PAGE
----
A Richer Heritage: Historic Preservation in the Twenty-First Century

By Robert E. Stipe | Go to book overview

CHAPTER NINE
Private Sector Involvement
in Historic Preservation

KATHRYN WELCH HOWE

In 1973 the American Institute of Architects (AIA) published a full-page advertisement featuring Boston's 1867 Old City Hall with a caption that read, “The Most Promising Trend in Modern Architecture.” At the time, Old City Hall and Ghiradelli Square in San Francisco were two of a handful of successful commercial adaptive use projects nationally. Although teasing at the time, the AIA ad proved to profoundly predictive of the shift that was about to occur in real estate development and historic preservation.

Within a thirty-year period, the number of adaptive use and commercial rehabilitation projects has grown from a few high-risk, hard-fought ventures undertaken by developers who had both the resources and the passion to chance an uncertain market response into a multibillion-dollar business in which nearly every real estate entity participates. The realization that making economic use of historic buildings is an effective preservation solution and, frequently, a financially and politically constructive way to create housing, offices, industrial space, and so forth has caused preservation and real estate interests to find common ground. The National Park Service and the Internal Revenue Service (IRS), both agencies responsible for administering investment tax credits for rehabilitation, estimate that more than $21 billion has been invested in historic properties since the passage of the first investment tax credit program in 1976.

The growth of private sector involvement and investment in historic preservation has occurred in parallel with a changing cultural ethos toward urban life and historical continuity in the United States. This shift in the cultural climate has been reinforced by favorable public policy initiatives, tax incentives, funding programs, innovative development projects, and a positive market response.

The preservation movement itself has turned increasingly from a regulatory approach to more of a market-driven reality. Although the use of regulatory tools such as landmark and historic district ordinances and environmental quality legislation will remain the backbone of protecting historic properties

-279-

Notes for this page

Add a new note
If you are trying to select text to create highlights or citations, remember that you must now click or tap on the first word, and then click or tap on the last word.
One moment ...
Default project is now your active project.
Project items

Items saved from this book

This book has been saved
Highlights (0)
Some of your highlights are legacy items.

Highlights saved before July 30, 2012 will not be displayed on their respective source pages.

You can easily re-create the highlights by opening the book page or article, selecting the text, and clicking “Highlight.”

Citations (0)
Some of your citations are legacy items.

Any citation created before July 30, 2012 will labeled as a “Cited page.” New citations will be saved as cited passages, pages or articles.

We also added the ability to view new citations from your projects or the book or article where you created them.

Notes (0)
Bookmarks (0)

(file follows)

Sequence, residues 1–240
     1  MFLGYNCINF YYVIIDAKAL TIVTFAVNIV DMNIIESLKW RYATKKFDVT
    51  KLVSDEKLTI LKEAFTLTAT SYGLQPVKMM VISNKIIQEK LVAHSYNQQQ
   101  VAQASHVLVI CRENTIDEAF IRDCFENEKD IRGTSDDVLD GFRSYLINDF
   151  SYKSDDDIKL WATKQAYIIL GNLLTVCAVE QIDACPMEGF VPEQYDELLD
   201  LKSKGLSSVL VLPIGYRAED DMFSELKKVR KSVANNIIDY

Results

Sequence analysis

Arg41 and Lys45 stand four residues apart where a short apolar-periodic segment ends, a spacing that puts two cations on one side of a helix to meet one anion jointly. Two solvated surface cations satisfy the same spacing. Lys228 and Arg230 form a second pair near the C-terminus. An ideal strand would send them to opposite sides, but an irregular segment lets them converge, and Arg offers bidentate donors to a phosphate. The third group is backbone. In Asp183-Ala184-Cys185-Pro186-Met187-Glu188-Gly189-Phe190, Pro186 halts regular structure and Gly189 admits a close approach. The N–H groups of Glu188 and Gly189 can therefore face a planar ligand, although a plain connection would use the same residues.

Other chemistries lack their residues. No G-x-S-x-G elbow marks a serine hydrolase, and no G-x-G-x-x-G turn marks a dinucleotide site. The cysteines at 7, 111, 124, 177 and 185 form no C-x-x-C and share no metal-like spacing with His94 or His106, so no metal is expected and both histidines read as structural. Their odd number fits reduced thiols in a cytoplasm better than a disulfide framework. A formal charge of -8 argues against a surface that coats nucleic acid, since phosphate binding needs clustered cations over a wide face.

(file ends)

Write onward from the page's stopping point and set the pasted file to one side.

You have no saved items from this book

Project items include:
  • Saved book/article
  • Highlights
  • Quotes/citations
  • Notes
  • Bookmarks
Notes
Cite this page

Cited page

Style
Citations are available only to our active members.
Buy instant access to cite pages or passages in MLA, APA and Chicago citation styles.

(Einhorn, 1992, p. 25)

(Einhorn 25)

1. Lois J. Einhorn, Abraham Lincoln, the Orator: Penetrating the Lincoln Legend (Westport, CT: Greenwood Press, 1992), 25, http://www.questia.com/read/27419298.

Cited page

Bookmark this page
A Richer Heritage: Historic Preservation in the Twenty-First Century
Table of contents

Table of contents

Settings

Settings

Typeface
Text size Smaller Larger Reset View mode
Search within

Search within this book

Look up

Look up a word

  • Dictionary
  • Thesaurus
Please submit a word or phrase above.
Print this page

Print this page

Why can't I print more than one page at a time?

Help
Full screen
/ 570

matching results for page

    Questia reader help

    How to highlight and cite specific passages

    1. Click or tap the first word you want to select.
    2. Click or tap the last word you want to select, and you’ll see everything in between get selected.
    3. You’ll then get a menu of options like creating a highlight or a citation from that passage of text.

    OK, got it!

    Cited passage

    Style
    Citations are available only to our active members.
    Buy instant access to cite pages or passages in MLA, APA and Chicago citation styles.

    "Portraying himself as an honest, ordinary person helped Lincoln identify with his audiences." (Einhorn, 1992, p. 25).

    "Portraying himself as an honest, ordinary person helped Lincoln identify with his audiences." (Einhorn 25)

    "Portraying himself as an honest, ordinary person helped Lincoln identify with his audiences."1

    1. Lois J. Einhorn, Abraham Lincoln, the Orator: Penetrating the Lincoln Legend (Westport, CT: Greenwood Press, 1992), 25, http://www.questia.com/read/27419298.

    Cited passage

    Thanks for trying Questia!

    Please continue trying out our research tools, but please note, full functionality is available only to our active members.

    Your work will be lost once you leave this Web page.

    Buy instant access to save your work.

    Already a member? Log in now.

    Author Advanced search

    Oops!

    An unknown error has occurred. Please click the button below to reload the page. If the problem persists, please try again in a little while.